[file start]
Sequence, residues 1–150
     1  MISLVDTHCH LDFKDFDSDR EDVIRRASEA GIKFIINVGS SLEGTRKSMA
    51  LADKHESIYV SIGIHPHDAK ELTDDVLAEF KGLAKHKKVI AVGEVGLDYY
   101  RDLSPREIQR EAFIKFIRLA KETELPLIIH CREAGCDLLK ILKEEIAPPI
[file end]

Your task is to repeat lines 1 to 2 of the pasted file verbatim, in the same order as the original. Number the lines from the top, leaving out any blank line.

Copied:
Sequence, residues 1–150
     1  MISLVDTHCH LDFKDFDSDR EDVIRRASEA GIKFIINVGS SLEGTRKSMA